However, what seems to be dangerous is not always so. As nowhere else in Europe large number of polish drivers use cb-radios and share information about trafic conditions so what seem to be i.e. dangerous overtaking other vehicle is often an action, that has been previously arranged by radio. The information obtained by them this way let them also to drive safer and to avoid traffic jams and other unexpected situations
Tailgating can rarely happen. Aggressive driving up behind you and flashing of headlights means “get out of my way”. If you’re driving on a two-lane road, which will be most of the time, you are under no obligation to do so. Rather don’t expect that the driver may throw something out of his window or suddenly step on his brakes once he has passed you, but better let drive faster people, who know aera better than you. If you leave a safety gap in front of your car, it will be filled by another driver as he is trying to push through the traffic.
Poles work long, so peak time in major cities frequently last till 8pm. Roadworks are common as many new road developments are under way and roads require frequent maintenance due to damage inflicted by winter conditions and as the roads are often built to subpar quality to start with.
Parking in cities and towns is often allowed on sidewalks, unless of course there is a no-parking sign. There is usually no provision for parking on the tar-sealed part of the street so do not leave your car parked at the curb, unless it is clearly a parking bay. Parking meters in cities and even smaller towns are widely used.
Use only those that are associated in a “corporation” (look for phone number and a logo on the side and on the top). Unaffiliated drivers are likely to cheat and charge you much more. Like everywhere, be especially wary of these taxis near international airports and train stations. They are called the “taxi mafia”. The best advice is to ask your Polish friends or your hotel concierge for the number of the taxi company they use and call them 10-15 minutes in advance (there’s no additional cost). That’s why locals will only hail taxis on the street in an emergency. You can also find phone numbers for taxis in any city on the Internet, on municipal and newspaper websites. Some taxi companies, particularly in larger towns provide for a cab to be ordered online or with a text message. There are also stands, where you can call for their particular taxi for free, often found at train stations.
If you negotiate the fare with the driver you risk ending up paying more than you should. Better make sure that the driver turns the meter on and sets it to the appropriate fare (taryfa):
- Taryfa 1: Daytime within city limits
- Taryfa 2: Nights, Sundays and holidays within city limits
- Taryfa 3: Daytime outside city limits
- Taryfa 4: Nights, Sundays and holidays outside city limits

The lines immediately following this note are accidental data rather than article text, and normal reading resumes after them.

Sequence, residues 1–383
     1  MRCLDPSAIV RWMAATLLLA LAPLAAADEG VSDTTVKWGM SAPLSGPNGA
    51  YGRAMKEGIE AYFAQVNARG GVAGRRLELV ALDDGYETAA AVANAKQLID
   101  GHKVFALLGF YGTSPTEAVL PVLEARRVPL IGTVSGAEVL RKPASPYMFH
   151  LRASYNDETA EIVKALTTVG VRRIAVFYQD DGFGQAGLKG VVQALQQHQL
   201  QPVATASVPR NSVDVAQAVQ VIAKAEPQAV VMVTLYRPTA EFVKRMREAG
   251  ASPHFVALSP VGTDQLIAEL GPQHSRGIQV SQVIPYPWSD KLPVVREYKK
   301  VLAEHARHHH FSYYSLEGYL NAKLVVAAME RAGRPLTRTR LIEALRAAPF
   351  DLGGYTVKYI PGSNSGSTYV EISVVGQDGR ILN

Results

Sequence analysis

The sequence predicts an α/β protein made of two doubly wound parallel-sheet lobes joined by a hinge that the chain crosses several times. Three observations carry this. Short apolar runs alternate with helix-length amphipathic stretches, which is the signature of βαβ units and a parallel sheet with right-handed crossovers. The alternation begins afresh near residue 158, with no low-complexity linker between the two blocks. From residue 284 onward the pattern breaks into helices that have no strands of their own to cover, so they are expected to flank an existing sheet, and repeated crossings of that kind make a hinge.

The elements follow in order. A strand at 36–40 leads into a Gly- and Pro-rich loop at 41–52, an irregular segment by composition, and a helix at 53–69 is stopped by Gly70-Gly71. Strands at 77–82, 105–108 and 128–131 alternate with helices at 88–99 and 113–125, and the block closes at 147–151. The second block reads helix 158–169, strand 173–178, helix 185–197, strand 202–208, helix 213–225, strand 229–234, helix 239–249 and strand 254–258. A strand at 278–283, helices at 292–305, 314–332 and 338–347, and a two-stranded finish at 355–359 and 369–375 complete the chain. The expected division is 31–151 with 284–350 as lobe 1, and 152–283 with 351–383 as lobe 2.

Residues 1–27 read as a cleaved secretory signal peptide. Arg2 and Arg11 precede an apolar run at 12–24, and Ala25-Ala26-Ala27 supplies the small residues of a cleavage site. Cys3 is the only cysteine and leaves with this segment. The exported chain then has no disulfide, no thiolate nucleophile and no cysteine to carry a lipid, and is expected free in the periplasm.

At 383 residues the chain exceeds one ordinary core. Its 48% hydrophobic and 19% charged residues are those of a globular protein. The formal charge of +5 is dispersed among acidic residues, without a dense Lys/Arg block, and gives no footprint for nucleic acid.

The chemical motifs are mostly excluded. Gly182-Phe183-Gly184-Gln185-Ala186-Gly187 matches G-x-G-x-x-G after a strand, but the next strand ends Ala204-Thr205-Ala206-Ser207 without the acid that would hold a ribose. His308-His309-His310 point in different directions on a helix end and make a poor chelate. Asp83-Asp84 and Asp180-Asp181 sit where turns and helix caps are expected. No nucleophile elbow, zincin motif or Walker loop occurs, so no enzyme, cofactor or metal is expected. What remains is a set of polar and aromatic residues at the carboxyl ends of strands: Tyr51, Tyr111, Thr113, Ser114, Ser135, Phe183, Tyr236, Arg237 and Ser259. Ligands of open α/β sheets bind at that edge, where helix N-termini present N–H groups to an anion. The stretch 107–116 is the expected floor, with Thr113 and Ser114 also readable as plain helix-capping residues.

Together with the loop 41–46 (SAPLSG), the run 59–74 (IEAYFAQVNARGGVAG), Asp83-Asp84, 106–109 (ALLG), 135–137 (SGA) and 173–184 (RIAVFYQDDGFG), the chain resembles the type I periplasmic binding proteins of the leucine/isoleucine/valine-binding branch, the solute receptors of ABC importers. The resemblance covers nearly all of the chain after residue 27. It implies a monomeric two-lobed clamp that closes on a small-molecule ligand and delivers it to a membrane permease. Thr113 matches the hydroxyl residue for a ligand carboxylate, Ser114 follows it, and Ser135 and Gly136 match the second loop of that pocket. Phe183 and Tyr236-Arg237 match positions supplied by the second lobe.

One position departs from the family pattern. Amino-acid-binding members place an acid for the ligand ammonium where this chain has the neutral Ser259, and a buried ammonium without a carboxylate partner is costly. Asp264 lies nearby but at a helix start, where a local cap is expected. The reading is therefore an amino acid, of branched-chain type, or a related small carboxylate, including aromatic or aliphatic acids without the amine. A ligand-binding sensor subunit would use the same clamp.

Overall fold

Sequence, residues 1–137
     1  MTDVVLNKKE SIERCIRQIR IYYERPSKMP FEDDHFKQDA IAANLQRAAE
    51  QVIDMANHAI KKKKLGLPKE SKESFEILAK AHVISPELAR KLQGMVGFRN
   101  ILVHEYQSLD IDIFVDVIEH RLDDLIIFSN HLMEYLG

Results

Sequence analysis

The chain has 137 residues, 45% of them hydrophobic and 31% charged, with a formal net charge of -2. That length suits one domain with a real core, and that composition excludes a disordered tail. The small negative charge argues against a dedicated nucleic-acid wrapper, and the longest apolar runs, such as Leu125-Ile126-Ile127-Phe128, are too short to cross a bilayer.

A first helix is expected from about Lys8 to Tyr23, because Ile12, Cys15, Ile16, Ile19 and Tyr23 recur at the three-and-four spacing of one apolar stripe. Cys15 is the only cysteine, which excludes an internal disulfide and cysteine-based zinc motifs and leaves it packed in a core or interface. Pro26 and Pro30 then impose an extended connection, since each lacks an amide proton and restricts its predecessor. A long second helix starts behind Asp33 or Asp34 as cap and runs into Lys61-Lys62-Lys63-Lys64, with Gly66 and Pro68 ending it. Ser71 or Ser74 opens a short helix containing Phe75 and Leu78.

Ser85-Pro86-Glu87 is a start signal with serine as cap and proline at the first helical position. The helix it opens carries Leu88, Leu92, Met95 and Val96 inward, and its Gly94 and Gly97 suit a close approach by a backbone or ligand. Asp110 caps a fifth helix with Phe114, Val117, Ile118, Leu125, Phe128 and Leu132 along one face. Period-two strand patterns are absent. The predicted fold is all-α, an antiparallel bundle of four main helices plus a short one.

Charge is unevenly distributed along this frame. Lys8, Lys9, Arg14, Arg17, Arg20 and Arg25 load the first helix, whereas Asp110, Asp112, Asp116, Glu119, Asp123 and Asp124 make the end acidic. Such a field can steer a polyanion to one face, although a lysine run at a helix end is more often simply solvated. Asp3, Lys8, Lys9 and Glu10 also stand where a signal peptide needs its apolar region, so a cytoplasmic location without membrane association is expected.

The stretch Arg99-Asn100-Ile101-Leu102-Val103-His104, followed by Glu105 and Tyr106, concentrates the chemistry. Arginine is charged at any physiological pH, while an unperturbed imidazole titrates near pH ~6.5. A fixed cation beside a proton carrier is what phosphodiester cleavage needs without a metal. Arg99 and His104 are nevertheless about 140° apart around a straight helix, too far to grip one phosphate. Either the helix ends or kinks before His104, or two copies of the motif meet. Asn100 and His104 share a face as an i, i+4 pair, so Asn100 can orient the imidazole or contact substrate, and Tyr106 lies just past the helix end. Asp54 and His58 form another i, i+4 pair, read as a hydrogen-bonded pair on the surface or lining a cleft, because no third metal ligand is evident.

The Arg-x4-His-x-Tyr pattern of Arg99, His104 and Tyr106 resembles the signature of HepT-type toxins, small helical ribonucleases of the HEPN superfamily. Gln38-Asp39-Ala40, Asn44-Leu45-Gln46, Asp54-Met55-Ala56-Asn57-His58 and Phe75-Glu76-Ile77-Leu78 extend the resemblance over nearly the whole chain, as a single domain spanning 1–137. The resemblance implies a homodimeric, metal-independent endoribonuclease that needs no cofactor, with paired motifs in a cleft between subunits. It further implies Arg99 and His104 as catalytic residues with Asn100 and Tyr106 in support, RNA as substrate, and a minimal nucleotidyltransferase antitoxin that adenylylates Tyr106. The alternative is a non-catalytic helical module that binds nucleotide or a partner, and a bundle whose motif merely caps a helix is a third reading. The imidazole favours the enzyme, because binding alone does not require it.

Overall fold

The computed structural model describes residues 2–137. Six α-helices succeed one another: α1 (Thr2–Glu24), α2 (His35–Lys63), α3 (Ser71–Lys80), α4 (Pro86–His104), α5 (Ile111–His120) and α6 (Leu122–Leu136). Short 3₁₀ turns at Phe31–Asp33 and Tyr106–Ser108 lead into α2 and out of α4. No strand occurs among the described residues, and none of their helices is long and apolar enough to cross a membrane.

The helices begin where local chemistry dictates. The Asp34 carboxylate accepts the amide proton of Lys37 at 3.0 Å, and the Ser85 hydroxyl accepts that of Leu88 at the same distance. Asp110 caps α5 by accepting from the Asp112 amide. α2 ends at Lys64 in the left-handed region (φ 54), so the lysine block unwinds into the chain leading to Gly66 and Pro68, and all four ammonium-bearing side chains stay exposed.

The prices would vary slightly between the taxi companies and between different cities, and there is a small fixed starting fee added on top of the mileage fare. When crossing city limits (for example, when travelling to an airport located outside the city), the driver should change the tariff at the city limit. Every taxi driver is obliged to issue a receipt when asked (at the end of the ride). You can inquire driver about a receipt (rachunek) before you get into cab, and resign if his reaction seems suspicious or if he refuses.
Cycling is a good method to get a good impression of the scenery in Poland. The roads can sometimes be in quite a bad condition and there is usually no bicycle lane. Car drivers are careless but most do not necessarily want to kill cyclists on sight which seems to be the case in some other countries. Rainwater drainage of both city streets is usually in dreadful condition and in the country it is simply non-existent. This means that puddles are huge and common, plus pot-holes make them doubly hazardous.
Especially in the south you can find some nice places for bicycling; eg: along the rivers Dunajec (from Zakopane to Szczawnica) or Poprad (Krynica to Stary Sacz) or Lower Silesia (Zlotoryja – Swierzawa – Jawor). Specially mapped bike routes are starting to appear and there are specialised guide books available so ask a bicycle club for help and you should be just fine. Away from roads which join major cities and large towns you should be able to find some great riding and staying at agroturystyka (room with board at a farmer’s house, for example) can be a great experience.
Hitchhiking in Poland is (on average) OK. Yes, it’s slower than its Western (Germany) and Eastern (Lithuania) neighbors, but your waiting times will be quite acceptable! The best places to be picked up at are the main roads, mostly routes between Gdansk – Warsaw – Poznan and Krakow. Use a cardboard sign and write the desired destination city name on it. Do not try to catch a lift where it is forbidden to stop. Look on the verge of the road and there should be a dashed line painted there, not a solid one. As in any country, you should be careful, there are several reports of Polish hitchhiking trips gone awry, so take basic precautions and you should be as right as rain.